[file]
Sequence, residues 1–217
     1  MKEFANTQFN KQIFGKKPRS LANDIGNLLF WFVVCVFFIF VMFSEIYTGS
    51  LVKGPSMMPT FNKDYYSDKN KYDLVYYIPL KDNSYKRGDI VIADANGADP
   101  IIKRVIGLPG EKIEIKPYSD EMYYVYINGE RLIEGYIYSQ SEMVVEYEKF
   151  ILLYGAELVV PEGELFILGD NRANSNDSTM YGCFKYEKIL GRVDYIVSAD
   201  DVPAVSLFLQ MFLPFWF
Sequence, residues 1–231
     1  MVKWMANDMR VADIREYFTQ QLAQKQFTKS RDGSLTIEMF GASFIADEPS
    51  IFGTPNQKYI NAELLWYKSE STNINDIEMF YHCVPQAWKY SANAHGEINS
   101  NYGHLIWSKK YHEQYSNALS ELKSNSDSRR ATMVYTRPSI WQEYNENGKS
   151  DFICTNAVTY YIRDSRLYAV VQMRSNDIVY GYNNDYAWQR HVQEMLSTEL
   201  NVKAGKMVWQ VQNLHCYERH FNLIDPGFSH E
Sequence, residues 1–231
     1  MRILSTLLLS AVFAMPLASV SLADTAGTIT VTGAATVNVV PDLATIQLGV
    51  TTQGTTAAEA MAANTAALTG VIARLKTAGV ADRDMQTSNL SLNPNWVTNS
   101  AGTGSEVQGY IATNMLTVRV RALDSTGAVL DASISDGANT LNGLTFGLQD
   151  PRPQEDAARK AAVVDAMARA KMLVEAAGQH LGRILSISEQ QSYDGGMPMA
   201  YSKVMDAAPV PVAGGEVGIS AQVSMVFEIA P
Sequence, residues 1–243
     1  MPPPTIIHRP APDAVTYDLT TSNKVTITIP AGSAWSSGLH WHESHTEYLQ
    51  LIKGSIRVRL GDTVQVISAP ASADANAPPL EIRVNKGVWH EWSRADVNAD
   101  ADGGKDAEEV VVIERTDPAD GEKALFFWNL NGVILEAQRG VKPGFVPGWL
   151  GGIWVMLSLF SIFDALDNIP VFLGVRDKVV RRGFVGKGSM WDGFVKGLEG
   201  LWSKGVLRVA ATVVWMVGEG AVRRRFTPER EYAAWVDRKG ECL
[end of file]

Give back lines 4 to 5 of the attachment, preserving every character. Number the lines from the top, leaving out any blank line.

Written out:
   101  IIKRVIGLPG EKIEIKPYSD EMYYVYINGE RLIEGYIYSQ SEMVVEYEKF
   151  ILLYGAELVV PEGELFILGD NRANSNDSTM YGCFKYEKIL GRVDYIVSAD